Harvard meant "good family" not "genius" (as it has evolved to mean). And yet, "genius" is kind of a relative term- increasingly it is a title given to students that have had every advantage in education, not those who are naturally gifted. A good book on this topic is "Privilege" by Ross Gregory Douthat (Harvard '02). Douthat's book is a modern day account of a Harvard student that attests to the sense of entitlement of Ivy students and how their egos have been stroked their entire lives. (NOTE: Not to say there are not many exceptions, but it is rather prevelent.) The aristocracy at the Ivies has become the "meritocracy" of the over-acheiving class where students feel they are owed nothing less than profuse praise and perfect grades. Many of these kids lack greater perspective, they lack social skills, and they lack humility. As Douthat attests: morality, equality, and justice are all gray areas when they stand in the way of ego and a resume that says "I as 'educated' at the 'best.'"

As a college student with friends at Harvard, Yale, Princeton etc. as well as state schools and "2nd tiers" I think about how if I were an employer I would rather hire many of those not at the Ivies due to not only their intelligence, balance, and perspective, but also their personalities and people skills. And yet, the prejudice perpetuates until you get down to job performance.

The overacheiving mentality of kids worses by the day as college admissions become more competitive, its gone beyond "generation me" to "generation superme." From snorting Adderal to taking summer school classes, society as a whole needs a reality check if we think this is the path to a well-functioning population. There's a fine line between "motivated" and "psychotic" these days.

Posted by: Washington DC | August 7, 2006 4:03 PM

kurosawaguy, it's hard to take you seriously when you trot out UVa as the counter-example. UVa is the "public Ivy"

like all things we Americans want to quantify then compare, where you earned your BA or BS (or MA, JD, PhD, MD, etc) is more complicated and nuanced than Ivy vs. not-Ivy. But as far as getting someone to take a second look at your resume, it certainly helps to have a school that someone recognizes (i.e., Harvard) instead of a school that someone may not recognize. Not always, but sometimes.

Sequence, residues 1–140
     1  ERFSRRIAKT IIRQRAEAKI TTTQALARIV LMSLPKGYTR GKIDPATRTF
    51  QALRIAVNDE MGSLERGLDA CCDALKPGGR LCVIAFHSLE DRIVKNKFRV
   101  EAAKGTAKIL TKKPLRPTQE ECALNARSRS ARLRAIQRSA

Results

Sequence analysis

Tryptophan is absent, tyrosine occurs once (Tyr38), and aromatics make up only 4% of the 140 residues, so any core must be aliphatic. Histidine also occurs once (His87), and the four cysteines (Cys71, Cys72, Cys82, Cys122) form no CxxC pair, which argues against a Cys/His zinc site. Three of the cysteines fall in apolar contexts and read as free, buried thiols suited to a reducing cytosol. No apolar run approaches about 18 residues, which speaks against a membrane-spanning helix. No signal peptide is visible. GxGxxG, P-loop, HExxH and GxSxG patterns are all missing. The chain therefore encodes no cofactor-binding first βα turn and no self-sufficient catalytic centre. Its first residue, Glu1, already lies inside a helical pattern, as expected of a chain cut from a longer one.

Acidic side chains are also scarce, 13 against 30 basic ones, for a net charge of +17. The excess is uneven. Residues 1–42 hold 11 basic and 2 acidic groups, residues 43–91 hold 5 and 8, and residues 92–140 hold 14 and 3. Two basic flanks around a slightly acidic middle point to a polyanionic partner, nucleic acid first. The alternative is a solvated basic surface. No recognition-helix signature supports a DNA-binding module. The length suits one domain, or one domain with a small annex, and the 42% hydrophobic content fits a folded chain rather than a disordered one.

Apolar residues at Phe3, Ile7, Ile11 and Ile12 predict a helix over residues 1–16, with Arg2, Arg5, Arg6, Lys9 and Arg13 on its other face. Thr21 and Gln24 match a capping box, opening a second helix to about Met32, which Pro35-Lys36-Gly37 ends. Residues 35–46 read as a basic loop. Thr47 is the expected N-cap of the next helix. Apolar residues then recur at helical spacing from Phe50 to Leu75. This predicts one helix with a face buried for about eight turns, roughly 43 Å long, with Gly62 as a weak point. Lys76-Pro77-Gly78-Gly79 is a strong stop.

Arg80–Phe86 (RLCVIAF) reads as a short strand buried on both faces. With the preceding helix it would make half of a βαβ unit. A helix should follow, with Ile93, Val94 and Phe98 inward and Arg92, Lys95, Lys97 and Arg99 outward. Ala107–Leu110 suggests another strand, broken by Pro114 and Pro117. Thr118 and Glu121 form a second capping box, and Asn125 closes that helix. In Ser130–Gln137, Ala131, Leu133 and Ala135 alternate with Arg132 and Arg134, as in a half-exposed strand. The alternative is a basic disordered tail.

Of course, I used to work for a company that refused to hire Harvard grads because they had two bad experiences and decided to avoid the school altogether. So maybe it's not just the US News and World Report reputation of your school, but the more personal and day-to-day experience that a prospective employer has with grads for your school.

Posted by: Anonymous | August 7, 2006 4:09 PM

My husband and I went to Ivy League schools and have masters degrees and frankly could care less where our child goes to college. She is smart enough, I suppose, but at age eleven she mans a lemonade stand instead of attending summer school, plays kickball in the park instead of soccer on a traveling team, and we pull her out of school, on occasion, for a really cool trip. She could get better grades than she does, but her grades are fine, her attitude is great, and we're happy she seems to be developing into a decent human being -- the most important part. And no, she doesn't know what she wants to be when she grows up, though her fifth-grade teacher sure did try to get her to commit.

Posted by: Alice | August 7, 2006 4:19 PM